ALBANY, Ore. (AP) -- The world isn't beating a path to his door yet, but John Knox, with his Greased Lightning Delivery, thinks that may change as word gets around.
"The customers I have did the math," says Knox, whose business is designed to provide an economical and environmentally friendly alternative for businesses. "I believe I can save people money."
He says a truck powered by biofuel makes his delivery service affordable. Biodiesel mixes with vegetable grease runs through a modified two-tank fuel system on his 1982 Mazda diesel truck. Now he avoids gas stations altogether.
"I get the vegetable grease from local restaurants," he says. "It costs about 60 cents for the grease and about half of that goes for fuel taxes."
His biodiesel is manufactured by a friend. The vegetable grease runs through his modified fuel system and is heated to about 180 degrees.
"That gets the water out," he said. "Once it's hot and thin enough to go through the pumps it runs just like diesel."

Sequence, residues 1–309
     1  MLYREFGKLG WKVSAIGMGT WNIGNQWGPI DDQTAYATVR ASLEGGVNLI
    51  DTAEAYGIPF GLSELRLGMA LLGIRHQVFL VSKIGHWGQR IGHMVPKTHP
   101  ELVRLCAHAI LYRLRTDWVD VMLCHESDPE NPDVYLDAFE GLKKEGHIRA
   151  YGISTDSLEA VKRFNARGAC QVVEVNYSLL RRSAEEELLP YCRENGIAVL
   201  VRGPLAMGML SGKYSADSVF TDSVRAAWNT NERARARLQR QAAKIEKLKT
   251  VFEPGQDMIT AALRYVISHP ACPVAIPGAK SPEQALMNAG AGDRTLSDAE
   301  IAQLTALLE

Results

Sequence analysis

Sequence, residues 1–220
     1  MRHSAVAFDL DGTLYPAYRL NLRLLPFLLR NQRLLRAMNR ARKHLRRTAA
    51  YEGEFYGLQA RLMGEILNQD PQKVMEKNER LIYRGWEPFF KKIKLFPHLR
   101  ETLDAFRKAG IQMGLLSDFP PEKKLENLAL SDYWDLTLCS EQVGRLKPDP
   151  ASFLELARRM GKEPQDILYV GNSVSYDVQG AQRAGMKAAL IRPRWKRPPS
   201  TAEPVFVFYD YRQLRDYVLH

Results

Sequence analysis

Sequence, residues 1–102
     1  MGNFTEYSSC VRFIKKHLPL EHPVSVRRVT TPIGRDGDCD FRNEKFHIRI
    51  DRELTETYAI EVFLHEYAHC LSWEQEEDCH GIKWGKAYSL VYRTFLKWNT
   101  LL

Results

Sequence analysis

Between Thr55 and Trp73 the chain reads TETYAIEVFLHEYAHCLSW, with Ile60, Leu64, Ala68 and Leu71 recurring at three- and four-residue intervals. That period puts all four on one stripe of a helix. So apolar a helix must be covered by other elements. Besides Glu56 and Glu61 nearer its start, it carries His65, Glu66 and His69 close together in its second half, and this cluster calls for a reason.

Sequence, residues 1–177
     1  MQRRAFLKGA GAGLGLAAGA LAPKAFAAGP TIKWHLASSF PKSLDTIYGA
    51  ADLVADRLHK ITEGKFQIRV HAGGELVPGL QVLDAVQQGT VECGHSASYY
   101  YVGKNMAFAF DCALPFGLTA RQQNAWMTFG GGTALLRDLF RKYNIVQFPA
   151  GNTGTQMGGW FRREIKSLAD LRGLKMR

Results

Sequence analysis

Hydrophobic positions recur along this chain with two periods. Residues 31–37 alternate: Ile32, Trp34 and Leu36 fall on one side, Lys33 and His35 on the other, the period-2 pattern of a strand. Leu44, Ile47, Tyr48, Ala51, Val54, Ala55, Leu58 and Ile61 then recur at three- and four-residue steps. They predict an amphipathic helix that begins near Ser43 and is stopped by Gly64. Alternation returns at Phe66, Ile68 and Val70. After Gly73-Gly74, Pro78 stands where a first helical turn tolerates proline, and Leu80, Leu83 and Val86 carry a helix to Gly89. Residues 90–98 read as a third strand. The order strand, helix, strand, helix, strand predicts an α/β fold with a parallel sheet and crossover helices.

Knox says because of it he can be very competitive in his prices, and says it's catching on with customers.
"I've picked up some clients and met my expenses so far," said Knox, who runs the business from his Albany home. "I'm seeing more people and trying to make face-to-face contacts."
The self-described shade-tree mechanic does much of his own ruck maintenance.
He had wanted to address environmental issues He started using his biofuel in summer months and found it to be green in many ways.
"It was great just to be able to afford to drive around," Knox said. He got to thinking about business applications.
"It occurred to me I could offer an environmental alternative at a reasonable price," Knox said. "More people are considering costs. I think I offer a way they can save."
He will deliver in the Willamette Valley and Portland. Same-day service in and around Albany and Corvallis is $5.
Knox has a degree in chemical engineering from the University of Texas and spent 21 months in the Peace Corps in West Africa, where he taught water and sanitation issues. He also suffered a severe nerve injury.
Meanwhile his parents had moved to Salem, which brought him to Oregon to rehabilitate.
"I was practically bedridden for 9 months," he told the Albany Democrat Herald newspaper.
Meanwhile he developed an interest in alternative fuels and ultimately turned that into his business.
Knox says he maps out his routes using a laptop computer and a GPS system to ensure maximum driving efficiency. His customers include florists, farmers and mechanics.
"Right now it's just me but I'm encouraged," he said.